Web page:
Why emotions have their place at work

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« Le problème est que les émotions sont encore très souvent perçues comme un signe de faiblesse. Si je parle, est-ce que je vais être mis au placard ? »

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Posted on Dec. 2021 at 7:00

To say, or not to say, what is wrong. This is the question that many employees ask themselves before daring to express their work-related difficulties, frustrations or unease. Margaux *, a 33-year-old independent, supports less and less “Lack of consideration” of his employers. With each incident, she tackles.

Two weeks before the Christmas holidays, this temporary professor at a higher education establishment learns that the administration has given the students an extra week to hand in their end-of-semester work. Result: less time to correct the papers to be returned at the start of the school year, as planned. One thing annoys her above all else: her referent warned the students before her and at no time did he ask her if it was feasible on his side. He contented himself with transmitting the information to her, by email.

However, she did not dare to say frankly that this change of program was not compatible with her schedule. And especially that she felt excluded from the decision. “I'm afraid of losing this mission”, she admits. Insecurity is not the only factor that pushes her to make periphrases. “I often find myself in situations where I am not asked for my opinion, where I am not listened to. I was psychologically conditioned to keep a low profile ”, she analyzes. Results : “I accumulate frustration and I find myself at the chiropractor with the start of a herniated disc.”

Emotions versus reason

Margaux is not the only one to curb her emotions. And for good reason: at work, they are rarely welcome. “We inherit a dualistic thought: reason is valued to the detriment of emotions, which are associated with the body, with unpredictability, with women. The work was built in this wake. We wanted to make the professional world a rational world “, explains Aurélie Jeantet, sociologist at the Sorbonne Nouvelle and author of the book Lesotions au travail (ed. CNRS).

However, “Emotion is above all a message: it says something about us at a precise moment”, specifies Vanessa Lauraire, occupational psychologist. “When a team receives an email announcing the reorganization of the service, an employee will be stressed while another who loves the change will be delighted”.

Sharing your feelings is necessary. They are like alerts, signals sent to the outside in the face of a sometimes problematic internal situation. However, these signals are useful for the employer to know how each worker experiences a situation and to act accordingly. Remember that according to the Labor Code, he has an obligation of means but also of result concerning the health and safety of his employees. In other words, managers must ensure that employees do not experience psychological suffering due to working conditions.

Fear of the worst

Emotions can be heavy on a daily basis and difficult to express. We can feel overwhelmed when faced with the overload of work, paralyzed by the injunction to be efficient, lack of motivation in the face of monotonous tasks.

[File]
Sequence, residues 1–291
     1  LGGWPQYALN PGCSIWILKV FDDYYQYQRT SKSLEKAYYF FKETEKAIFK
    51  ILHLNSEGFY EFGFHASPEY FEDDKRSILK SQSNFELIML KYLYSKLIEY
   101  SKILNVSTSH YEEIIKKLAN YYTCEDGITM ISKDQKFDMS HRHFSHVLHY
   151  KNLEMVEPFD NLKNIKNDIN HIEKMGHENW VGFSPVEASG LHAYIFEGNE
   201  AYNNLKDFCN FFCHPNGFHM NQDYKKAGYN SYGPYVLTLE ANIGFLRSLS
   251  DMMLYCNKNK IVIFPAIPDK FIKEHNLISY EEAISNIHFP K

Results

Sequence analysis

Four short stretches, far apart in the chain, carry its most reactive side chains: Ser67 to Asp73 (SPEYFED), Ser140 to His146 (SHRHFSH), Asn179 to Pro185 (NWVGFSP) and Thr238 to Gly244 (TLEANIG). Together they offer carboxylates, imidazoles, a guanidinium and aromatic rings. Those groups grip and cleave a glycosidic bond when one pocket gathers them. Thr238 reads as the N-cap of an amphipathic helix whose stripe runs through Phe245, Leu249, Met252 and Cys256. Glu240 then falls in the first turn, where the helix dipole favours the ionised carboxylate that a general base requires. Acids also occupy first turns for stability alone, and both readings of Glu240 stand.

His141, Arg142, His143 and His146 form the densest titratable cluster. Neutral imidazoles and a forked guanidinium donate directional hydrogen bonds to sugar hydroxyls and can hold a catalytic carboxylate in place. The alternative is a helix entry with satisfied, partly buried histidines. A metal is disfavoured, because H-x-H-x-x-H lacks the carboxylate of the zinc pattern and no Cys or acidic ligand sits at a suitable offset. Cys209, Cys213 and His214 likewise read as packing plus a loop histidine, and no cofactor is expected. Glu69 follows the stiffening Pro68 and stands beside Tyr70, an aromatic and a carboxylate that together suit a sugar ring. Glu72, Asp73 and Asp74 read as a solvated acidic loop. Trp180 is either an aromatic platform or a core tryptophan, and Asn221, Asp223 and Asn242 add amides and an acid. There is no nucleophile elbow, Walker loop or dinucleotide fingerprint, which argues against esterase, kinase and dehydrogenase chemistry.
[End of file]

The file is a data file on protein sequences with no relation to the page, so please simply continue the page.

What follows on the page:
The problem is that emotions are still very often seen as a sign of weakness. If I speak, will I be put in the closet, miss a promotion, find myself in the boss's sights?

Fear of consequences is an obstacle, admits Vanessa Lauraire. “People imagine anxiety-provoking scenarios”. While more often than not, by putting things on the table, other solutions can emerge and open up horizons: a change of position, a reorganization of the service, etc. Talking to your superiors or even to colleagues can help you see things more clearly and avoid going in circles.

Find allies

For that, it is still necessary to feel confident. “The organization often creates a climate conducive to isolation. The act of work and performance are individualized ”, emphasizes the psychologist.

After her divorce, Léa *, who was a freelance illustrator for fifteen years, looked for a stable job and was hired by an association. But very quickly, the workload and management weigh on her mental health, but she sees her peers accepting the status quo. The employee does not dare to share her feelings.

The arrival of a new colleague, with whom she can discuss her problems, allows her to “Take a step back from difficult situations. ““It confirmed that it was not all in my head”, she sums up.

The price of silence

Lea ends up negotiating a conventional break. “There was a crazy turnover, without any questioning: the department heads concluded that people were simply on the move”, she notes.

If she says to herself “Relieved” to have left, she regrets not having been more honest with the management of the association. “It would have been constructive to speak and above all, today, I feel bad for those who pass behind me”, she admits. She still alerted her predecessor during the handover.

Setting aside emotions at work promotes psychosocial risks. It has economic and social repercussions. According to the annual study by the provident group Apicil and the CSR consultancy firm Mozart Consulting, in 2021, the overall cost of ill-being at work is 13,340 Pounds per year and per employee. “There are hidden costs, such as those covered by Social Security, adds sociologist Aurélie Jeantet. Society as a whole pays. “

Re-affect the world of work

The sociologist suggests “Re-affect” the world of work. “We are less intelligent when we rely solely on reason,” she says. Emotions are a clue. If I have any fear, maybe the situation is dangerous. “ According to the researcher, “You should organize spaces and times to talk about your emotions at work”. And of course, take them into account.


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